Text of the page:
Essential Eligibility Requirements

Essential Eligibility Criteria

Orange Torpedo Trips, LLC

The following are physical and mental eligibility criteria for all participants on any Orange Torpedo trip.*

  • Ability to comprehend written and verbal information regarding boat types available, and to make a rational assessment of risks and physical requirements associated with each craft for you as an individual and your dependents; and to assume the risks of your assessment and participation in a particular type of boat.
  • If choosing a raft, having the ability to remain seated and balanced while in a whitewater craft and holding on with at least one hand.
  • If choosing an inflatable kayak, having the ability to follow verbal and visual commands and the physical ability to sit up in the boat and paddle while following a guide through whitewater.
  • Wear a Type V Coast Guard-approved personal floatation device (maximum chest size of 56 inches). Wearing leg straps may be required to ensure proper fit. Where required, properly wear a helmet.
  • Ability to independently or with the reasonable assistance of a companion, board and disembark a boat four to ten times each day. This may require stepping into the boat, and then maneuvering your body over and across tubes and fixed objects into a seated position.
  • Ability to navigate shoreline terrain, including safely maneuvering around and across boulders, rocks, and slippery and uneven surfaces, under low branches, and around vegetation unaided or with the assistance of a designated friend or family member. This includes the ability to maintain your balance near precipitous ledges or cliffs.
  • Ability to independently swim in whitewater or swift currents while wearing a PFD. This includes being an active participant in your own rescue, including having the ability to (a) keep your airway passages sealed while underwater, and regain control of your breathing when being submitted to repeated submersion under waves or currents; (b) orient yourself to new “in-river” surroundings; (c) reposition yourself in the water to different swimming positions; (d) swim aggressively to a boat or to shore in whitewater; (e) receive a rescue rope, paddle, or human assistance, and possibly let go of the same; (f) get out from under an overturned boat.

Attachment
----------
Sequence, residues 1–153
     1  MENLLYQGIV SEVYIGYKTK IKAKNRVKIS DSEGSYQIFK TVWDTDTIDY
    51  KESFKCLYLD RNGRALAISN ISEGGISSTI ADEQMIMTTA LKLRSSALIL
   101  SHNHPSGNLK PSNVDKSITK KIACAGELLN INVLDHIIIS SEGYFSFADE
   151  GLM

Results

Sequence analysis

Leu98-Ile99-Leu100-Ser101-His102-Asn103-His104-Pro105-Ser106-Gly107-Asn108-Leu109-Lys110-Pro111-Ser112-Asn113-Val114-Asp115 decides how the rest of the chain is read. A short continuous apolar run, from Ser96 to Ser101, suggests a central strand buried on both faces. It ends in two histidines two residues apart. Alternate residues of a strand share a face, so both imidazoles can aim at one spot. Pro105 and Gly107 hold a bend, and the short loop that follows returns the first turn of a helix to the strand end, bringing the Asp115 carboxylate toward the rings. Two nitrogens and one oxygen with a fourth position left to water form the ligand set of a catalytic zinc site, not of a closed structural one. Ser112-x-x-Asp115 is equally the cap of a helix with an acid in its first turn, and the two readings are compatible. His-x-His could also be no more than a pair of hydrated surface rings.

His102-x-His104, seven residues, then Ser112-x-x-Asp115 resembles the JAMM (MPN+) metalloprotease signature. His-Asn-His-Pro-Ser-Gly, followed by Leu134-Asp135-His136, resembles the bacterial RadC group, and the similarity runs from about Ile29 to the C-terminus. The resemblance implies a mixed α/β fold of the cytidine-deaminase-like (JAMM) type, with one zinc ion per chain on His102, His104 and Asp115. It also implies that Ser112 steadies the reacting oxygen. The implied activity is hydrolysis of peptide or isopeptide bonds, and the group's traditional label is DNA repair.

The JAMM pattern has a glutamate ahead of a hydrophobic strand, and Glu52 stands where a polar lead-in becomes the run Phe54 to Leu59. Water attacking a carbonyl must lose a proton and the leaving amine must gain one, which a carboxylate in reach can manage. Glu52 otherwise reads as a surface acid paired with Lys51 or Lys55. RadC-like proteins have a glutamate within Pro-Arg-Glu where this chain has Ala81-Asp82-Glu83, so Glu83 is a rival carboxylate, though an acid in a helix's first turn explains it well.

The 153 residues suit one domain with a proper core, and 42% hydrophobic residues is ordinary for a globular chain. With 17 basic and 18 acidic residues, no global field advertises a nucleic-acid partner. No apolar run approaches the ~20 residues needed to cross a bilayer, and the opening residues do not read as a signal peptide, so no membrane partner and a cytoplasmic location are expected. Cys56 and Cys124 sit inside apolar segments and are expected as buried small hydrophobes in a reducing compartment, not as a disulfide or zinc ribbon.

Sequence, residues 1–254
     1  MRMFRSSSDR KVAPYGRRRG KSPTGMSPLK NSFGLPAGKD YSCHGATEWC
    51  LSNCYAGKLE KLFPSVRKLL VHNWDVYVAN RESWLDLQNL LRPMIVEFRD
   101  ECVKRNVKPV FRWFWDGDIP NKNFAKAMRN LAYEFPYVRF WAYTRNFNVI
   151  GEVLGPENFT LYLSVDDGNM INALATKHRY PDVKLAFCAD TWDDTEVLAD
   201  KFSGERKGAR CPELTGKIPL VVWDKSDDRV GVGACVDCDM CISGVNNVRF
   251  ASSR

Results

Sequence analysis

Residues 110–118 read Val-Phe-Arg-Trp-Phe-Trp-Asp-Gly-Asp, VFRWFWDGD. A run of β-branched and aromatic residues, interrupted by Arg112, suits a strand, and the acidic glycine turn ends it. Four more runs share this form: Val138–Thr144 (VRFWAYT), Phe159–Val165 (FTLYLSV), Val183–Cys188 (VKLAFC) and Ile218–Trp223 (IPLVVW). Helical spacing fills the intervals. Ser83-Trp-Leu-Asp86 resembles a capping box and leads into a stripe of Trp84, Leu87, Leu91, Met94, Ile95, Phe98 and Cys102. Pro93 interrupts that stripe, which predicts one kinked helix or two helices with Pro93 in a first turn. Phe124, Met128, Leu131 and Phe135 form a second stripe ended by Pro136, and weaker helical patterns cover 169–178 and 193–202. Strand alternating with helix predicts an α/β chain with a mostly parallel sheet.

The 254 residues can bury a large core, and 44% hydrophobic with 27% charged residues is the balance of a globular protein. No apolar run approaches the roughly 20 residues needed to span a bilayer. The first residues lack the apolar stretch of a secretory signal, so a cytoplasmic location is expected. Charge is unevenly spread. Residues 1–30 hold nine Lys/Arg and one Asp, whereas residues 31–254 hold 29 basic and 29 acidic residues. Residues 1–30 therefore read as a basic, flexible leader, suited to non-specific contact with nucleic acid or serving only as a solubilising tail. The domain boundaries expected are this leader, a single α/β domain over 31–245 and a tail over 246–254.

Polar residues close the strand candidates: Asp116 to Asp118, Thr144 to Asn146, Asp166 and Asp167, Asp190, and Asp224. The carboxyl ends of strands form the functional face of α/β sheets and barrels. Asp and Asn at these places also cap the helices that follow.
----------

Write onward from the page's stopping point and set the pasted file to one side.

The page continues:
• Ability to swim 100 yards in flat water while wearing a PFD.
  • Ability to assist another passenger who has fallen out of a raft by pulling them back in.
  • Ability to follow both verbal and non-verbal instructions given by guides in all situations, including during stressful or dangerous situations, and to effectively communicate with guides and other guests.
  • Ability to carry personal dry bags and other personal gear (as heavy as 20-30 pounds) uphill from the boats to your camping location and back the next morning, independently, or with the assistance of a friend, family member, or guide. (This only applies on multi-day trips)
  • Ability on trail-oriented trips to hike without assistance for miles on rough and uneven trail with steep cliff drops off the side.
  • The ability to maintain your own safety in an environment where allergen exposure and cross-contamination may occur.
  • Ability to manage all personal care independently, or with the assistance of a friend or family member.
  • The ability to manage all personal medications, including dosing and administration, independently or with the assistance of a friend or family member.
  • Ability to remain adequately fed, hydrated, and properly dressed so as to avoid environmental injuries such as hypothermia, heat related illness, sunburn, and frostbite.
  • The ability to participate in a group setting, in a remote environment, without negatively impacting or jeopardizing the health or safety of the other trip participants or crew.

While Orange Torpedo Trips is committed to inclusivity and making river adventures accessible to the broadest collection of people possible, the above criteria, if not met, will disqualify a person from participating in a river trip with Orange Torpedo Trips. The criteria exist for your own safety and that of all trip participants. None of the criteria are meant to discriminate on the basis of any physical or mental disability, and are applied uniformly to all potential trip participants, irrespective of the presence or absence of any disability. Orange Torpedo Trips is committed to making reasonable modifications to any trip for any person to help ensure they can participate, so long as those modifications do not fundamentally alter the nature, or significantly increase the risks, of the trip.